A few years ago, as the promised Information Superhighway was growing into the Internet that we know today, no one (to my knowledge) predicted that a collaboratively written, free-content, mass-linked website aspiring to cover all areas of human knowledge would become one of the most prominent information sources in the world. Still less did I anticipate that I would eventually play a role helping to administer such a site.
Eugene inspired me to volunteer this series of posts, now drawing to a close, by discussing a series of cases in which courts have either cited to Wikipedia for information, or asked themselves whether they can take judicial notice of the content of a Wikipedia article.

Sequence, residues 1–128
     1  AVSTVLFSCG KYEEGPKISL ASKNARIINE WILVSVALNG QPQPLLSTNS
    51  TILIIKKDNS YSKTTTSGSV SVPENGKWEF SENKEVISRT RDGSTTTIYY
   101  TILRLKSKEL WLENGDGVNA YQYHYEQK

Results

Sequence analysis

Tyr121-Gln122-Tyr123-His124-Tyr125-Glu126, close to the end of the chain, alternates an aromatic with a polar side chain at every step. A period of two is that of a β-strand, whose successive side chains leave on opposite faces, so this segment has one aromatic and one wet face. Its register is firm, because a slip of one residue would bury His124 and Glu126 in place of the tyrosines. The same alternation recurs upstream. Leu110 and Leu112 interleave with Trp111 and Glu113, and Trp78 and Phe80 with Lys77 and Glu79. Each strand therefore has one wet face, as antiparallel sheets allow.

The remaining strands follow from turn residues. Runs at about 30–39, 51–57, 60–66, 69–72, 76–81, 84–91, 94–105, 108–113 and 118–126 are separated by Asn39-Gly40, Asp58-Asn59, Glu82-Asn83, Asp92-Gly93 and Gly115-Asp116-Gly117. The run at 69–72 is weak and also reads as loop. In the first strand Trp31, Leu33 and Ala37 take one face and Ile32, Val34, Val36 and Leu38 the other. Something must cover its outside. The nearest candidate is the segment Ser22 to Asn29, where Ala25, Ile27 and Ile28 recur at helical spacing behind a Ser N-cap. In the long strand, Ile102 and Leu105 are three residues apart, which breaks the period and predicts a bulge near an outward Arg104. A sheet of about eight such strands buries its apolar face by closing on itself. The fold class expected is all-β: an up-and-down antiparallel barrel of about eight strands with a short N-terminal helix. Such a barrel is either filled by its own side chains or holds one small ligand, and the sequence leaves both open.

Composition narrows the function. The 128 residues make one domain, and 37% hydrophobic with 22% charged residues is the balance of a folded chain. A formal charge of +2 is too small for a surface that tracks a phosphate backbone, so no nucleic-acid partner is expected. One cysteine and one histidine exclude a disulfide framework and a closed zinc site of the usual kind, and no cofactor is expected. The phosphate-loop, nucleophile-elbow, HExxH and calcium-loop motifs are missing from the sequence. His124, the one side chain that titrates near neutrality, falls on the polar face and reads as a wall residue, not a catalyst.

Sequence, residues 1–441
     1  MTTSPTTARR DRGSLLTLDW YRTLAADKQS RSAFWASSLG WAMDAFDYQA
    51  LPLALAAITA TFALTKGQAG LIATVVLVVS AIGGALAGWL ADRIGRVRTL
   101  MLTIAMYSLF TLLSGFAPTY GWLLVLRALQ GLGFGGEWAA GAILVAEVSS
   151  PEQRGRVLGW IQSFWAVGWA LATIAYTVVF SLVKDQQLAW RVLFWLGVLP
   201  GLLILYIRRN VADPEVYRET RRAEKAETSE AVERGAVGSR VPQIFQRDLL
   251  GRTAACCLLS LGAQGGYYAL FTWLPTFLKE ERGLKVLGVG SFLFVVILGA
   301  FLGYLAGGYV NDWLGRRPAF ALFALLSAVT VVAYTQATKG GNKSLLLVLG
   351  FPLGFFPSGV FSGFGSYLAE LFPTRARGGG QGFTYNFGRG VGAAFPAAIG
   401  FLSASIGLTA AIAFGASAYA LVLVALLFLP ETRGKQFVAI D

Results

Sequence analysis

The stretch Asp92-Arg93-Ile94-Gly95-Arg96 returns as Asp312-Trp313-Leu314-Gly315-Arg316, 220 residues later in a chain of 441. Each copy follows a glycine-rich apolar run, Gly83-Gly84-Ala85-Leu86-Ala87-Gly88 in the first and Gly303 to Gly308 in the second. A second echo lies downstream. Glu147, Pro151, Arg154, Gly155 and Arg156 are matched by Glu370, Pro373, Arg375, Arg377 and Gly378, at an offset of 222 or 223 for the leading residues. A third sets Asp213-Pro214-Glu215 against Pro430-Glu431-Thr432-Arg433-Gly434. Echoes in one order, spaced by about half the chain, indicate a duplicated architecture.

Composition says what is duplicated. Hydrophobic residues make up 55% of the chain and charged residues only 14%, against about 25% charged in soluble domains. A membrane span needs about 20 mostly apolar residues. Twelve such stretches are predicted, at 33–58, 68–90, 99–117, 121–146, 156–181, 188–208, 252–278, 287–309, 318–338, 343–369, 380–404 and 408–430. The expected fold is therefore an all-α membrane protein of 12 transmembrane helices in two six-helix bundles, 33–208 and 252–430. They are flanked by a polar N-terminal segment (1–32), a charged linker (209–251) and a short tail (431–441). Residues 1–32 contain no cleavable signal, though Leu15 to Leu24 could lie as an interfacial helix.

My own take on the reliability of Wikipedia articles is consistent with that suggested by some of the commenters: articles on non-contentious topics are usually accurate; articles on highly contentious articles are usually accurate on basic facts, but can be subject to bias and dispute with respect to the matters in controversy. It’s an overgeneralization, but in essence, if debating a subject could lead to a fist-fight in a bar, or to a heated dispute in academe, then sooner or later the subject will be involved in a content dispute on Wikipedia. This is really not a surprise.
(The surprise comes from how many additional petty matters we also argue about. The people who sometimes refer to Wikipedia administrators and experienced editors collectively as a “Hivemind” may have overlooked the amount of bickering that goes on every day on the Administrators’ Noticeboards.)
However, a strong article with more than the most basic content should contain citations of sources where information in the article was drawn from. Checking the sources, and where appropriate citing to them rather than the Wikipedia article itself, may often resolve the [...]